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Why investing is like playing a game of chess
At a chess board, each piece has a role to play, each move is calculated looking many moves into the future, and the player is balancing a measured attack with a solid defence.
In many regards, playing a game of chess is analogous to the world of multi-asset investing. Whilst the chess master has his Queen, his Bishops, and his Knights ready to attack, we in the multi-asset world are positioning our risky assets; the chess master has his pawns, or his rook castled to defend his king, we deploy bonds from around the world; finally, we need to protect our king... cash.
That said, when it comes to investments, we should always remember that their value and any investment income can go down as well as up and investors may not get back the amount originally invested.
Both positioning and value are important. Whilst the absolute value of a piece is important, equally its relative value is based on its potential moves, its current position and its perceived value to another player.
The best players occasionally make bold moves, but winning strategies are always rooted in a robust decision-making framework, the foundations of which must be built before making any moves at all.
Emanuel Lasker, the German World Chess Champion for 27 years, mathematician and philosopher, said 'on the chessboard, lies and hypocrisy do not last long'. As in chess, overcoming behavioural biases is key to long-term success in investing.
Short cuts, hubris and self-deception never work. Both the chess master and the multi-asset portfolio manager must be cognisant of common pitfalls and avoid anchoring, framing and hindsight bias.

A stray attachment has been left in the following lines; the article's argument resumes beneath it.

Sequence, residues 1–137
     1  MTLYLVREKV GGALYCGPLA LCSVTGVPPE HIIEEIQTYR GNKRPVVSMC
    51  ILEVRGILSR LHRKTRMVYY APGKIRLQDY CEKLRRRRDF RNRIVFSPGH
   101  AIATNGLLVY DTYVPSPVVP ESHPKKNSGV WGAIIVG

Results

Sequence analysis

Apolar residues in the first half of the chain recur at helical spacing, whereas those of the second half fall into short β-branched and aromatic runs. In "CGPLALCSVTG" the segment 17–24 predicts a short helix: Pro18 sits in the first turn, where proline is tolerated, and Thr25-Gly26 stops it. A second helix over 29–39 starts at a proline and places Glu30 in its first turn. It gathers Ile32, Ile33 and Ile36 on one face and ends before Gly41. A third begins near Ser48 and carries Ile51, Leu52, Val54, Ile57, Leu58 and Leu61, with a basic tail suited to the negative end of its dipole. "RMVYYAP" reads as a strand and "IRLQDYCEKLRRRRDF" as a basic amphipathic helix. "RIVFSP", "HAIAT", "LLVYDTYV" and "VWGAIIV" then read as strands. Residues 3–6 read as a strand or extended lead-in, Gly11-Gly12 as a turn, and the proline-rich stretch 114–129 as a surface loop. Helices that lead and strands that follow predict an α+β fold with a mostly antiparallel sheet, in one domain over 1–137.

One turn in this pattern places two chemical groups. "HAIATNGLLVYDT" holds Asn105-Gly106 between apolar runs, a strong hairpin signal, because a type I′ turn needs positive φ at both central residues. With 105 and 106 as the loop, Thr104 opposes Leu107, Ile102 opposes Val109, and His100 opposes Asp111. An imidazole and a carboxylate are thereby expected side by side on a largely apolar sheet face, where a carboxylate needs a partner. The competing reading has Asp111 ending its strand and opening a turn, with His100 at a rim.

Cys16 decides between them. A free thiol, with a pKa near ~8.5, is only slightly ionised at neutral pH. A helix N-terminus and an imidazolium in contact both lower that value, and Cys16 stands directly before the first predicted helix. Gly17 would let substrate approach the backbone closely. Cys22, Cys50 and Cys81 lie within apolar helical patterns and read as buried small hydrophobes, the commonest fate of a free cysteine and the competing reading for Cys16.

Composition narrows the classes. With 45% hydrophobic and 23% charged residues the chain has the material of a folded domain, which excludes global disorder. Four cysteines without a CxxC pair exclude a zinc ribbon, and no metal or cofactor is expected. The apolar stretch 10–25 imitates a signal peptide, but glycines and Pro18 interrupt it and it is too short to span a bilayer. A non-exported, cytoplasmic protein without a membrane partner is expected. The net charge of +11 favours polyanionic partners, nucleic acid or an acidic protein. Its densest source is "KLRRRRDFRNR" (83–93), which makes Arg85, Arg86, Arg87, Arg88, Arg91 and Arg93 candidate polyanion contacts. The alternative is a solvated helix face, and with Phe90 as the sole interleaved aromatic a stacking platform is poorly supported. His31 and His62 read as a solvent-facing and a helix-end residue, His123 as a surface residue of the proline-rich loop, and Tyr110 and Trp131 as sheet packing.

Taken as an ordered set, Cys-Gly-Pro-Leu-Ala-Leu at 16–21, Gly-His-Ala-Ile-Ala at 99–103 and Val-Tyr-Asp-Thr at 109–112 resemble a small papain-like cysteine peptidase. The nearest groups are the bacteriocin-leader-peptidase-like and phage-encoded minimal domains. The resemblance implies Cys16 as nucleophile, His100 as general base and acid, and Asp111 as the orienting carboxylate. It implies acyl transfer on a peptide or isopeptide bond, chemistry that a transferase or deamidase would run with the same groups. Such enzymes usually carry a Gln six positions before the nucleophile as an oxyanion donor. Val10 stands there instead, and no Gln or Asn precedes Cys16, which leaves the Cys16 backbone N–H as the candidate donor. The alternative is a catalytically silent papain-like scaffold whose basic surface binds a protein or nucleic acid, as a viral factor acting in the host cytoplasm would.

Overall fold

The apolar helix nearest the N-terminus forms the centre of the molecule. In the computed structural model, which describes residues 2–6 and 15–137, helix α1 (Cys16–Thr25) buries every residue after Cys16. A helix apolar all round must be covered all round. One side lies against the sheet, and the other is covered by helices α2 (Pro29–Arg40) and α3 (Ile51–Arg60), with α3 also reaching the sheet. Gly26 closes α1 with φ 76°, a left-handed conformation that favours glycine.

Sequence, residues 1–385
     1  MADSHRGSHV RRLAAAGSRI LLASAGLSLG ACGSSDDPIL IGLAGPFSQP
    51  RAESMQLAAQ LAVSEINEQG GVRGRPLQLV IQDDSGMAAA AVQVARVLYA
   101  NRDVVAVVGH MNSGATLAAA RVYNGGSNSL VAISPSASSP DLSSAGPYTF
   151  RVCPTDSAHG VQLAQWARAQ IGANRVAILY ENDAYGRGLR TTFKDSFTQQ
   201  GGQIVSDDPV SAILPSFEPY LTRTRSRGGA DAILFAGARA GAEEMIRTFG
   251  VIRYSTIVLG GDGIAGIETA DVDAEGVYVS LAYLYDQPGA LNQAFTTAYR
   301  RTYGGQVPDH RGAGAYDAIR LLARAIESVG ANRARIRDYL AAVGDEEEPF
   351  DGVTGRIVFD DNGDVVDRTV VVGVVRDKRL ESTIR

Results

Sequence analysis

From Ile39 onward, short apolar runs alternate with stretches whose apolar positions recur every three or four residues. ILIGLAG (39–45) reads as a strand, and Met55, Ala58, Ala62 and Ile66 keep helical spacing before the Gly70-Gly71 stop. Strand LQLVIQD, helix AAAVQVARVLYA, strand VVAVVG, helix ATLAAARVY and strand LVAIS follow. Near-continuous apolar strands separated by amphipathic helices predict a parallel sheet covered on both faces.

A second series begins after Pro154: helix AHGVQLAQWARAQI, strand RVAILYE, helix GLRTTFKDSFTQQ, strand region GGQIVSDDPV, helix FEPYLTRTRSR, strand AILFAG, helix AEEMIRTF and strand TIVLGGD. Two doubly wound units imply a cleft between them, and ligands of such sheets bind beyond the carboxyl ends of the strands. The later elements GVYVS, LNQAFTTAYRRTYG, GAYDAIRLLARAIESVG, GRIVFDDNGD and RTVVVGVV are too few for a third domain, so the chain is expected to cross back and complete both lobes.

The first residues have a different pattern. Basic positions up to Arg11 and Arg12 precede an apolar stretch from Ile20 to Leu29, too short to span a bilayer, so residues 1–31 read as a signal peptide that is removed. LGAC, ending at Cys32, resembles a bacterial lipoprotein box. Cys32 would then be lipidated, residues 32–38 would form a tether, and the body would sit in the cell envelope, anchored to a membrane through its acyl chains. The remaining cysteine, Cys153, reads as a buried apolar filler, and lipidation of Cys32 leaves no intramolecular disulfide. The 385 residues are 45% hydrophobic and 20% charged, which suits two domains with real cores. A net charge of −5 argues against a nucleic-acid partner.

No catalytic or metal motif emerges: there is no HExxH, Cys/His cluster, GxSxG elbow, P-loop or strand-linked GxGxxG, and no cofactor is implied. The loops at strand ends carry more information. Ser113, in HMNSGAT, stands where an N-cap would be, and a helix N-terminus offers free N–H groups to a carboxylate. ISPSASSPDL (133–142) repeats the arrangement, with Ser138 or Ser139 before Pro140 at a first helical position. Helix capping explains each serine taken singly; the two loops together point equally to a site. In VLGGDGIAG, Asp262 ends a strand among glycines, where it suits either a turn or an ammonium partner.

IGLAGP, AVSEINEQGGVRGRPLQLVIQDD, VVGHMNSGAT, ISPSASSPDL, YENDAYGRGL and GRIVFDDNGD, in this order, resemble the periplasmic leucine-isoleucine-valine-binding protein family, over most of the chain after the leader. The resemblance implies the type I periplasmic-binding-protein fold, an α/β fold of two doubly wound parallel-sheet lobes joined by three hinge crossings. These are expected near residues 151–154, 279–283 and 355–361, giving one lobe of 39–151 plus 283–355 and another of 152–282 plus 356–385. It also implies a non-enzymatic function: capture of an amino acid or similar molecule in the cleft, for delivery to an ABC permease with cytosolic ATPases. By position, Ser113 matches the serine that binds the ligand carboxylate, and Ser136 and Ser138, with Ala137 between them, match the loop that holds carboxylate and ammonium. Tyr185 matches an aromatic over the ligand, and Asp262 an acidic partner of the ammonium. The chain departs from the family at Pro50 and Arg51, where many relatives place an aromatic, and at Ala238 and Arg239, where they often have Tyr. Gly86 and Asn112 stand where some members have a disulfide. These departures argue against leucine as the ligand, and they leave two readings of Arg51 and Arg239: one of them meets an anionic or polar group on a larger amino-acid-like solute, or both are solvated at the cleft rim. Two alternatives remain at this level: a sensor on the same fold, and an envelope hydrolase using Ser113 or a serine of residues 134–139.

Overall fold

You need a broad view of the game
To play chess, you need to know what each of your pieces can do on the board and how to assess their value at any point of time. In multi-asset terms, this is translated into defining the underlying investment universe.
After that, the aim is to combine different asset classes into an efficient, well-diversified investment portfolio, where each of the pieces is well positioned to react to an opponent's possible moves.
You need a strategy
Chess players and multi-asset investors alike know that strategy is key. The ultimate objective is to be a step ahead of your opponent.
Rather than relying on past performance and hoping that history will repeat itself, a portfolio manager needs to build their strategy based on forward-looking expectations of risk, return and covariance between asset classes.
This forward-looking approach to portfolio construction is what differentiates robust asset allocation from a traditional 'set and forget' approach.
You need to be responsive to your opponent
Shorter-term tactics are key to the game. As in chess, the landscape can shift dramatically in a few small moves. The chess master must have the flexibility to be nimble and both capitalise on opportunities and defend against loss.
A good portfolio manager should be dynamic enough to respond to shifting macro-economic conditions, market sentiment and momentum.
You don't need to sacrifice a pawn without a good reason
Once you define your strategy and asset allocation, they will need to be implemented. According to academics - and our own experience - more than 90 per cent of the variability of a portfolio's return can be explained by asset allocation.
That is why it is so important to get asset allocation right, arguably more so than trying to add value by outperforming in each asset class. We believe that cost efficiency is paramount and this can mean that passive vehicles or direct holdings may be the best way to fulfil asset allocation decisions.
You need to keep your king safe
Managing risk is as important as managing performance. Multi-asset solutions need to stay aligned with their client's target risk profiles.
As part of a dynamic approach to portfolio management, this is achieved through ongoing risk management and detailed portfolio analytics.
Unlike the chess master, for a multi-asset investor, the game is not over at check mate; for us the board continually reset.
As in chess, there is no magic bullet and even the best players cannot win every game. By remaining humble, continuing to learn, adopting a rigorous, dynamic and forward-looking approach, we can keep the board continually tilted in our favour.
Jane Davies is manager of the HSBC Global Strategy Portfolios.
This article is for information and discussion purposes only and does not form a recommendation to invest or otherwise. The value of an investment may fall. The investments referred to in this article may not be suitable for all investors, and if in doubt, an investor should seek advice from a qualified investment adviser.
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